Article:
India Provides New Update on Domestic and Exported Drug Requirements
India has released new information on compliance requirements that address both the regulations for exported drugs which went into effect yesterday October 1 and the domestic drug proposal that has been released for comments. This article will provide an overview of the changes to existing regulations and also discuss India’s motivation behind the regulations.
Manufacturers or exporters of pharmaceuticals drugs manufactured on or after October 1, 2015, have to meet serialization and reporting regulations which were recently expanded with the publication of Public Notice No. 13 (May 22, 2015). Now, starting on October 1, companies have to meet the following compliance requirements:
Serialization of tertiary, secondary and mono-cartons has been an existing requirement for the industry. The draft notice adds additional details related to primary-level packaged products and aggregation management.
- Serialization of exported drug products at the secondary and tertiary packaging level, including serialized labels and encoding within barcodes.
- Secondary packages must include information encoded, on a 2D Data Matrix or GS1-128 barcode, the GTIN-14, batch number, expiry date and serial number.
- Tertiary packages must include information encoded, on a GS1-128 barcode, the GTIN, batch number, expiry date and SSCC number.
- Primary level packed products have optional human readable printing and encoding is exempt until further notice.
- Manufacturers are responsible for maintaining the aggregation relationships for products throughout their movement in the supply chain, although implementation details around this requirement have not been published.
The Public Notice and subsequent documentation posted on the Drug Authentication and Verification Application (DAVA) portal highlight new reporting requirements for manufacturers.
- One-time registration and setup with the DAVA portal.
- Reporting of product, batch, production and movement details for exported products to the DAVA portal via highly structured XML files.
- Capture and reporting of aggregation relationships between secondary packages and tertiary containers. Aggregation relationships involving primary-level packaged products do not have to be reported at the present time.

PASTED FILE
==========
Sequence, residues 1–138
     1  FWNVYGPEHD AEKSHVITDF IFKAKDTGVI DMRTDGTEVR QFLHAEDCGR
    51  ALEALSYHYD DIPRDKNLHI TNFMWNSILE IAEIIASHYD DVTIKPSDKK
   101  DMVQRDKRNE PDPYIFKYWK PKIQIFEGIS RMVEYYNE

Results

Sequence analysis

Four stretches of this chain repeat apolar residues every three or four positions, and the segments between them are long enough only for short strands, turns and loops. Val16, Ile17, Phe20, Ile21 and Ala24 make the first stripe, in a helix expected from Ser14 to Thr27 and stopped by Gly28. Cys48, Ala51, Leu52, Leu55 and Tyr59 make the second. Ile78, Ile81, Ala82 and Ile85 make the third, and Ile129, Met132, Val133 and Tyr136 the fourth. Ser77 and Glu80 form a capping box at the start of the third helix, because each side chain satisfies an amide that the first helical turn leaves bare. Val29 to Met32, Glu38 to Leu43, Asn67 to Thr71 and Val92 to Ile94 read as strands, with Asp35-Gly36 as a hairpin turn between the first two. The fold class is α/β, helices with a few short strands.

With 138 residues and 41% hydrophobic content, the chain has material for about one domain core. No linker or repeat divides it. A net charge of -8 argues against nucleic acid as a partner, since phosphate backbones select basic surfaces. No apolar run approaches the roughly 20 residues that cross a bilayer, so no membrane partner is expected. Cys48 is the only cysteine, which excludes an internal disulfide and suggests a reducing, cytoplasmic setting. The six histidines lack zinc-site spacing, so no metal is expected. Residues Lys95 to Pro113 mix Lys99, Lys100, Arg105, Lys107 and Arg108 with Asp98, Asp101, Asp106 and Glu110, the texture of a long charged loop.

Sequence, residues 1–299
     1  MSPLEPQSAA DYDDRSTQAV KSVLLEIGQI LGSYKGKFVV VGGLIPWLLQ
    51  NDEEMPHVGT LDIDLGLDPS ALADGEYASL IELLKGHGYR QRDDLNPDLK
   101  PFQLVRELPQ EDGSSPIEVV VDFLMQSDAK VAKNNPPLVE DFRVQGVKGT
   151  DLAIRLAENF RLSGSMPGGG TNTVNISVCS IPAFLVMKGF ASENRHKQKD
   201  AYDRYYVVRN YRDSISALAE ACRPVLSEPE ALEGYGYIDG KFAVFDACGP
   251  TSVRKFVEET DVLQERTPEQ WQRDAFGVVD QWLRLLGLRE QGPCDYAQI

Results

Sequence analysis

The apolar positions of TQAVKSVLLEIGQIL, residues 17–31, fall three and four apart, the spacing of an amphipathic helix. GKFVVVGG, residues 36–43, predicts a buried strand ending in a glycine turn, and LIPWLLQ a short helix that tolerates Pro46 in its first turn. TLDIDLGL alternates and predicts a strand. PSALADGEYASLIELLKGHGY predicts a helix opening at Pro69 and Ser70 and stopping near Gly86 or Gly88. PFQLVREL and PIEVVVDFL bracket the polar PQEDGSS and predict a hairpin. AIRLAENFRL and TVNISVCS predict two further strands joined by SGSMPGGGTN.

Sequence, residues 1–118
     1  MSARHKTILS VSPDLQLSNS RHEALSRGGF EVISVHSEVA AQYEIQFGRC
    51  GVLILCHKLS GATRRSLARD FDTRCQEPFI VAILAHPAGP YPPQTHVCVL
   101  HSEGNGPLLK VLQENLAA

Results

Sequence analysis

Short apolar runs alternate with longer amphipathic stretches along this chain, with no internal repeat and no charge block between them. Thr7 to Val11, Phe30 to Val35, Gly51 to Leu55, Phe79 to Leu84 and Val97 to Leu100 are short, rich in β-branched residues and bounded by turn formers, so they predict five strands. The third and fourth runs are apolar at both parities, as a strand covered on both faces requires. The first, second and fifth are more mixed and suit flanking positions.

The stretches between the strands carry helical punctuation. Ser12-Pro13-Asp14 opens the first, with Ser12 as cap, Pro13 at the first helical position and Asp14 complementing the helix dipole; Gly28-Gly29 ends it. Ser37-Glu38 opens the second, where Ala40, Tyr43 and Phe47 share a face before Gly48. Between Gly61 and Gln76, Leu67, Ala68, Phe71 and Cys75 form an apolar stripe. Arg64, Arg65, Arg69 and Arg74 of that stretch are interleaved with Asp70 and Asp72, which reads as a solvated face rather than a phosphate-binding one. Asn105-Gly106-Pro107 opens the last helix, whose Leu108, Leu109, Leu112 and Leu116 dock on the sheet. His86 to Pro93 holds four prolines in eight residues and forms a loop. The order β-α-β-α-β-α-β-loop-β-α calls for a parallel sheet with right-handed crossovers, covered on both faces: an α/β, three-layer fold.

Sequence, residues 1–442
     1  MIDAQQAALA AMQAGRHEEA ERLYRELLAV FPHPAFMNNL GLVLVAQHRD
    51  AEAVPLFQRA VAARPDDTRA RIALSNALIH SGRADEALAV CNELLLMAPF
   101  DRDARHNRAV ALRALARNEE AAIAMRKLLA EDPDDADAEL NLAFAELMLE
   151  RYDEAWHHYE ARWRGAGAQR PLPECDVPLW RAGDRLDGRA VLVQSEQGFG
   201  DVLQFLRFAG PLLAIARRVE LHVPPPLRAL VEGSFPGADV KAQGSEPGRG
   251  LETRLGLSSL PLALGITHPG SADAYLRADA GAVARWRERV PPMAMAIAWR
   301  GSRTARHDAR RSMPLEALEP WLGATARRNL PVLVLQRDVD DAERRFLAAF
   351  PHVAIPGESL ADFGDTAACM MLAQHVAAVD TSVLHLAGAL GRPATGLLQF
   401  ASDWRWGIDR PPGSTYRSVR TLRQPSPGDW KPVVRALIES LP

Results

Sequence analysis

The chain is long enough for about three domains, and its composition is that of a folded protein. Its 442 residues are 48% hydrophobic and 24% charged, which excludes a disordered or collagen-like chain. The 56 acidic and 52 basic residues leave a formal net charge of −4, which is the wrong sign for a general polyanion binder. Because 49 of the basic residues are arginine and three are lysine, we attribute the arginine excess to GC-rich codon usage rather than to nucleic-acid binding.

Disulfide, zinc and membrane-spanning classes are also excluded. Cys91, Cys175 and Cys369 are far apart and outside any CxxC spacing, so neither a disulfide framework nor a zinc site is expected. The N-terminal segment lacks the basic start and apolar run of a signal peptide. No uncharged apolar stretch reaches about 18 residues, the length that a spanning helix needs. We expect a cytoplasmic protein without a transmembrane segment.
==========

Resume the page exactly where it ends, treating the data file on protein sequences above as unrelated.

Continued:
A draft proposal for track and trace related to all pharmaceutical drugs produced for domestic use was published in June 2015. It includes serialization, labeling requirements, and reporting standards. This draft proposal, which was floated for public comment, will go into effect 180 days after final rules are published. No firm date or timetable was established for an adoption of the domestic regulations.
The draft regulations for domestic pharmaceuticals are similar to but slightly more extensive than those for exported drugs. Requirements include:
Uniqueidentification, including labeling, barcoding and serial number encoding, at the primary, secondary and tertiary levels.
- Reporting. Reporting of product (including aggregation details), batch, production and movement details for products produced for domestic consumption to the DAVA portal.
DAVA Supports Drug Authentication
India’s stated goal is to establish end-to-end track and trace capture and reporting within DAVA in order to facilitate drug authentication. Online users will authenticate using a web-based portal and mobile users will be able to access via an SMS-based system. By providing to DAVA GTIN and serial numbers or the serial shipping container code (SSCC), Indian citizens will now have much richer information about the drugs they take including, but not limited to, the name of the drug and manufacturer, the date of expiry, and the recommended usage.
Main Takeaways and Questions
The industry has been expecting the finalization of the India government reporting requirements for exported pharmaceuticals and that day has arrived. Extensive information about products, their packaging and key events related to those products during production and initial distribution must be reported to a new reporting system. Key questions remain as to exactly how aggregation relationships are supposed to be captured, maintained and reported upon in the new compliance regime. In addition, requirements related to the reporting of product movements are still unclear until final implementation documentation is published. Finally, while primary level serialization, aggregation and reporting requirements were exempted or made optional until further notice, DGFT continues to signal their strong desire to implement these requirements for exported drugs at some point.
On the domestic pharmaceuticals front, India is beginning to lay the foundation for the establishment of a similar track and trace regime as is in place for exported pharmaceuticals. The 180-day implementation timeframe is exceedingly short for the industry to meet regardless of when the final regulation is published and primary-level serialization is a firm requirement in the domestic proposal. Key questions also remain on numerous implementation details. Many of these questions were submitted by the Organization of Pharmaceutical Producers of India (OPPI) during the comment period. So, significant changes may occur between the current draft proposal and any final regulation which is adopted.